The word hernia comes from Latin, and means a rupture. The internal organs of the abdominal cavity are surrounded on all sides by a muscle layer of the abdominal wall. If pressure in the abdominal cavity increases, for example when you lift a heavy object, it is possible that part of the intestine breaks through the muscle layers. When this occurs, a so-called hernia sac protrudes outwards. It is often visible, or can be felt, as a lump under the skin.
Hernias can occur in various parts of the body. The most common types of hernia are inguinal (inner groin), incisional (resulting from an incision), femoral (outer groin), umbilical (belly button), and hiatal (upper stomach).
In an inguinal hernia, the intestine or the bladder protrudes through the lower abdominal wall or into the inguinal canal in the groin. About 96% of all groin hernias are inguinal, and most occur in men because of a natural weakness in this area. Two types of inguinal hernias are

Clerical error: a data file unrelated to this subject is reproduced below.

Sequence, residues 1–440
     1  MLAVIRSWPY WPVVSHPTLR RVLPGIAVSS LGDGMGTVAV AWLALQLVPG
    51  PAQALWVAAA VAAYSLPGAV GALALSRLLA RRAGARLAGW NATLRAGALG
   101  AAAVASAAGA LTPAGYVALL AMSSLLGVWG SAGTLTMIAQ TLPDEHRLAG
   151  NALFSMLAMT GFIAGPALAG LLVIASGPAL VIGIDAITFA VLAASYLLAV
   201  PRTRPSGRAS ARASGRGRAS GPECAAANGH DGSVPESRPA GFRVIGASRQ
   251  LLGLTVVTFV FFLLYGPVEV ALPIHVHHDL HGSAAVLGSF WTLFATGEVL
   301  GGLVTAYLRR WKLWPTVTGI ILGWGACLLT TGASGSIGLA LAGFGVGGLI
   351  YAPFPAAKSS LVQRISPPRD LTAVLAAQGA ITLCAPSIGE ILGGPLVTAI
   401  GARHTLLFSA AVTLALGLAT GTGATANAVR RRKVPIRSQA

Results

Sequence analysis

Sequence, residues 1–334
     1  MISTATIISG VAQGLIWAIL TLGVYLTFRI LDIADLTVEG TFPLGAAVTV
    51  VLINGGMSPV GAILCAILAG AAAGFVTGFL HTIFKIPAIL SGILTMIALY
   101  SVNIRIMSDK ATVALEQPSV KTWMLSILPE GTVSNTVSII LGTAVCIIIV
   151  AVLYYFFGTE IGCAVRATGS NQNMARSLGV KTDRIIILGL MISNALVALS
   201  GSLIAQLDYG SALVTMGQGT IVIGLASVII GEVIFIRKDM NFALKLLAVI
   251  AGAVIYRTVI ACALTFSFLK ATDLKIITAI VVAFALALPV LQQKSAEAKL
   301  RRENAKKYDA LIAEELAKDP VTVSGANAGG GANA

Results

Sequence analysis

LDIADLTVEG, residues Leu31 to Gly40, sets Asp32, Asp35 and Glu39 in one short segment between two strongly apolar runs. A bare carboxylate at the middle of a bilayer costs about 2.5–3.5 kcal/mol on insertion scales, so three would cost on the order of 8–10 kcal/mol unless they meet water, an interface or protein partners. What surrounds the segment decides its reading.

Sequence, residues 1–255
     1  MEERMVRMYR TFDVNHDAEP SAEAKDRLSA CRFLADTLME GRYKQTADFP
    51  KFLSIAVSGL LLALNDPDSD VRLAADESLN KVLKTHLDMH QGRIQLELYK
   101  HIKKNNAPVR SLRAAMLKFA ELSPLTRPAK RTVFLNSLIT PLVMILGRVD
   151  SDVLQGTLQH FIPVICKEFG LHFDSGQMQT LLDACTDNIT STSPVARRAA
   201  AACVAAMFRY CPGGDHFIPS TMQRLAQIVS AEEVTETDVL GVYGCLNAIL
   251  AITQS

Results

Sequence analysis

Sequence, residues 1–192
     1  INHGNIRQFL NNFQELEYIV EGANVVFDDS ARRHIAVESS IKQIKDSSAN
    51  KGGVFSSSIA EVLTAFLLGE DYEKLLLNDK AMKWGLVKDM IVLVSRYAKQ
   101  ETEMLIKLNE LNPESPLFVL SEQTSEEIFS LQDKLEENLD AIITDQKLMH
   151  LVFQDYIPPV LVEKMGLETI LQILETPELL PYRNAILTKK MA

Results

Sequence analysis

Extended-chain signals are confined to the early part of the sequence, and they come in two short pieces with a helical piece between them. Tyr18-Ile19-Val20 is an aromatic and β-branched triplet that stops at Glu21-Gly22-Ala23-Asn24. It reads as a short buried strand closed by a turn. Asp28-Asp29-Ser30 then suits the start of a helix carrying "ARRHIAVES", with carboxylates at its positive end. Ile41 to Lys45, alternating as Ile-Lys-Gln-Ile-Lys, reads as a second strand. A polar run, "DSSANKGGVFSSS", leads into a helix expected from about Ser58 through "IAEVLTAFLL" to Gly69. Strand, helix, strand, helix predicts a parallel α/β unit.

• Indirect inguinal hernias, which are caused by a defect in the abdominal wall that is congenital, or present at birth
• Direct inguinal hernias, which usually occur only in male adults and are caused by a weakness in the muscles of the abdominal wall that develops over time
A ventral hernia is a bulge of tissues through an opening of weakness within your abdominal wall muscles. It can occur at any location on your abdominal wall. Many are called incisional hernias because they form at the healed site of past surgical incisions. This type is most common in elderly or overweight people who are inactive after abdominal surgery.
A femoral hernia occurs when the intestine enters the canal carrying the femoral artery into the upper thigh. Femoral hernias are most common in women, especially those who are pregnant or obese.
In an umbilical hernia, part of the small intestine passes through the abdominal wall near the navel. Common in newborns, it also commonly afflects obese women or those who have had many children.
A hiatal hernia happens when the upper stomach squeezes through the hiatus, an opening in the diaphragm through which the esophagus passes.